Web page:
This poem was written following Dad's hearing, on the marine band of his radio, a distress call from the trawler 'Boston Pionair' on the night of February 16th, 1965. Two empty life rafts were seen but, despite an exhaustive sea and air search, no trace of the boat was found. Dad alerted the coastguard and was later featured in the local press and on radio for his positive intervention.


When storms around the coast do blow,
I leave TV for radio.
There's plenty doing on the air:
Messages from everywhere.

Link calls via Cullercoats
From cargo ships to pilot boats.
Deck hands ringing up their dames
From ships with foreign sounding names.

A trawler skipper phones his wife -
She knows it's tough, a sailor's life -
Telling her he's safe and well,
His storm-tossed vessel's living hell.

A recent message out of space
Gave details of a rescue race.
"Landlubbers, listen! Have a care!"
For ill-fated 'Boston Pionair'.

This message, urgent and in bits
Linked frigates 'Murray' and 'St Kitts',
With keen, efficient men in charge
To rescue near the drilling barge.

A Shackleton with yellow belly
Flies in to search, from Ballykelly.
Yellow aircraft spell 'Rescue'.
The plane may be yellow but not its crew.
They're daring offspring of the few,
These boys of RAF all know
There's chaps in danger down below.

Down they swoop, with burning flare,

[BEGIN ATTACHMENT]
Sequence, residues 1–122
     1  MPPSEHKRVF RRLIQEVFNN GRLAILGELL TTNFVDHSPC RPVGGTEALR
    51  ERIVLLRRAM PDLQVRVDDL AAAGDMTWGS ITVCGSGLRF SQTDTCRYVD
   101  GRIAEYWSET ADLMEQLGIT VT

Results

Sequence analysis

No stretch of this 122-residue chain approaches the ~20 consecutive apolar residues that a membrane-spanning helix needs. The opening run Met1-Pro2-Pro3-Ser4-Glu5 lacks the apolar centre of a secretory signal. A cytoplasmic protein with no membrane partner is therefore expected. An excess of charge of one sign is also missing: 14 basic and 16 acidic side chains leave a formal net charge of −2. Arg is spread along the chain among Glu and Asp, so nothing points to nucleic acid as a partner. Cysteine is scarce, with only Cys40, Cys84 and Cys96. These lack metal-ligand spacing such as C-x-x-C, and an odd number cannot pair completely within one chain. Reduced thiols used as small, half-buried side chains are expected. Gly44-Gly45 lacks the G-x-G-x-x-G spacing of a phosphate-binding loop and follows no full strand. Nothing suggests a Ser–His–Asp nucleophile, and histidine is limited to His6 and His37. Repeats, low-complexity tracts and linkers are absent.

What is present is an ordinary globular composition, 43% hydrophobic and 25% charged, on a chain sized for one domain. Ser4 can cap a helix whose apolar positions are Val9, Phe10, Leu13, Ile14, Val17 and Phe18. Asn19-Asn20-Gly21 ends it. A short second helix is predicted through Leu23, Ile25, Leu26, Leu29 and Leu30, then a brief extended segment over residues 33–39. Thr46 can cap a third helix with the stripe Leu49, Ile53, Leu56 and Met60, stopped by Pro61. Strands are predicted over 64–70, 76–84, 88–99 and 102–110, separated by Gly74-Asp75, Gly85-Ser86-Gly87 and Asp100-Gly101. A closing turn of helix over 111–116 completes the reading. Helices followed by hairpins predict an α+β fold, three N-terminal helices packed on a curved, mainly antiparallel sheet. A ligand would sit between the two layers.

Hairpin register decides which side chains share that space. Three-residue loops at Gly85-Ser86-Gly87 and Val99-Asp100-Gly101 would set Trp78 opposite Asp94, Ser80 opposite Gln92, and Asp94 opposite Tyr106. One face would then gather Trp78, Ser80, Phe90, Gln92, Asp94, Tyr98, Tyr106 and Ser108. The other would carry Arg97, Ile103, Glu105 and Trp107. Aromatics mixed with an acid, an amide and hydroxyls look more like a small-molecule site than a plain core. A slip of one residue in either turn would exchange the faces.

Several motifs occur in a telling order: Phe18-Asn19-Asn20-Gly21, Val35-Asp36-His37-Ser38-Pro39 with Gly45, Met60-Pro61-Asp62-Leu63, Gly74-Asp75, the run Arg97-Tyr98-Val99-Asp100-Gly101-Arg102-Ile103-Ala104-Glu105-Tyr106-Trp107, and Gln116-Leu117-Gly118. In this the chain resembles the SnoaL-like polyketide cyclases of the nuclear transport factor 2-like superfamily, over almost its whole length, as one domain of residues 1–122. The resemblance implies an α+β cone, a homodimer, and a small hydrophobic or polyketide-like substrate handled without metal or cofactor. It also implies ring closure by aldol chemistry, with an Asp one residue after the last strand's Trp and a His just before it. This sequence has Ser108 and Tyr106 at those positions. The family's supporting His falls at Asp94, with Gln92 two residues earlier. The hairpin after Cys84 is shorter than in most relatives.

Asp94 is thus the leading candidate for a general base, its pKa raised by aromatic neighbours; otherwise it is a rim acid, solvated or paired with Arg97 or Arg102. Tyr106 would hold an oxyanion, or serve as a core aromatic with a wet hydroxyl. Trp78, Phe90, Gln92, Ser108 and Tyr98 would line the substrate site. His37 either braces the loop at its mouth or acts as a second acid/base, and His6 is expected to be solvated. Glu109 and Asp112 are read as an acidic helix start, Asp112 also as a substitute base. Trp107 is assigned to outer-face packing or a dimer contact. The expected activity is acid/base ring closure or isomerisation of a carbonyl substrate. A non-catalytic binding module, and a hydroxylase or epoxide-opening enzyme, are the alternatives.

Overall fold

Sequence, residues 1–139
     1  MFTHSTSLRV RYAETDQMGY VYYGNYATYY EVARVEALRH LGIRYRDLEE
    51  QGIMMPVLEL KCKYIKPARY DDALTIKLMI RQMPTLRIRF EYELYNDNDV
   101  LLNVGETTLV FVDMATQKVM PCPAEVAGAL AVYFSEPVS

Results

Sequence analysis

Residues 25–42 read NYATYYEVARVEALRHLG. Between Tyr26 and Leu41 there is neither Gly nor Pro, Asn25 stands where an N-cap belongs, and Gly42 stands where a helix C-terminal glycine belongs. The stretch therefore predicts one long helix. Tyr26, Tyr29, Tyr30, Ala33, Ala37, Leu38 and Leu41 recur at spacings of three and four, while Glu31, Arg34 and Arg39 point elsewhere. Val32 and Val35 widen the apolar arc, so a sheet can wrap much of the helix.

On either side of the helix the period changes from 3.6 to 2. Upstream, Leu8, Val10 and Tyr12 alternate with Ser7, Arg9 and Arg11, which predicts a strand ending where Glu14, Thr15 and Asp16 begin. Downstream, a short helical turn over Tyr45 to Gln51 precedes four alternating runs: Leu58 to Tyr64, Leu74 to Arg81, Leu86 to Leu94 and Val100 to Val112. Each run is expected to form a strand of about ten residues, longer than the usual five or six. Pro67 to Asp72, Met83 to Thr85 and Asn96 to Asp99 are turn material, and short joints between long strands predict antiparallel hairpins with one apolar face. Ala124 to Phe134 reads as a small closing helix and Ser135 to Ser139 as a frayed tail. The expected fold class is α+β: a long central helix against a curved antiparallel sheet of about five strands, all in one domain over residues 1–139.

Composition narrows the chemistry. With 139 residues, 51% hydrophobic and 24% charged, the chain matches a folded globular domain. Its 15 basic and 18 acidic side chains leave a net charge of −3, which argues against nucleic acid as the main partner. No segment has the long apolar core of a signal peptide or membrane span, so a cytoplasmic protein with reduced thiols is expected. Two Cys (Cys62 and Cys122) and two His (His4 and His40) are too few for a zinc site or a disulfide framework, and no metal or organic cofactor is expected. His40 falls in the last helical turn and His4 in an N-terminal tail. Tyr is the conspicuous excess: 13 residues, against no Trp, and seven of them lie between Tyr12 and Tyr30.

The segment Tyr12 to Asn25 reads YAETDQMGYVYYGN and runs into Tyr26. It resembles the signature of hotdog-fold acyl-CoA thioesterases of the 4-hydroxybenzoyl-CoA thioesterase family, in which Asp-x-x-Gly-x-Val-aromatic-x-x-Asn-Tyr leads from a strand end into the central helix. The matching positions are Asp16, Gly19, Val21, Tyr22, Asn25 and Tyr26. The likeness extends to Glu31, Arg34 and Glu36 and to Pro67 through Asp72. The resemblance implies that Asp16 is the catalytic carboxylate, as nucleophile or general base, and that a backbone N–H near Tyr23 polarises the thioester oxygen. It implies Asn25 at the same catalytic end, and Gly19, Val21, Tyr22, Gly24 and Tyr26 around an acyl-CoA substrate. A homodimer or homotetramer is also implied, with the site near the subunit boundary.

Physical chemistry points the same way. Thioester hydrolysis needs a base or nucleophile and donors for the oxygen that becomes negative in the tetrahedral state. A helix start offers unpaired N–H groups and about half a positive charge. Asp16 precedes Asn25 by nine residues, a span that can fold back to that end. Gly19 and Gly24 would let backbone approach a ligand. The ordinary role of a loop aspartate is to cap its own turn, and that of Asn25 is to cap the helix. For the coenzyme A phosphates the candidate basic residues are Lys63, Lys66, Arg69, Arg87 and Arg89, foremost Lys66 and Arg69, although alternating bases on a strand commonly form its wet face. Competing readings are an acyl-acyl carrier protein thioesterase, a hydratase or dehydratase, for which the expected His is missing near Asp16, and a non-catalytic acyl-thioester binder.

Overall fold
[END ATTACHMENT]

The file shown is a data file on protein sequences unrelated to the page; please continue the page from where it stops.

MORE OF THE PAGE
They'll save those lives, if life's still there.
Two empty life rafts tell a tale,
All too familiar in path of gale.
The trawler's foundered with all hands.
Fate once again has played her hand.

To those who sit neath sheltered roof
This awful drama's living proof
The sea is cold and cruel; aloof
To wives who sit alone and weep
For those in peril on the deep.

Life's tragedies are these, I know:
Drama from my radio.


Douglas R. Tallet, February 1965


Click here to find the first poem. "To an absent one" Written at the time of Richardís first leaving home to go to Newcastle University
Click here to find the second poem. "Wishing" Also written at this time, which appears to have been quite traumatic for Dad
Click here to find the third poem. "Summer beach" A word picture of Redcar beach on a busy Summer day
Click here to find the fourth poem. "Coast conscious" In praise of living at the coast
Click here to find the sixth poem. "September Morning" Images of an early morning in Redcar
Click here to find the seventh poem. "For services rendered" 25 years of employment at Head Wrightson
"Five day week" Weekend pleasures away from the office

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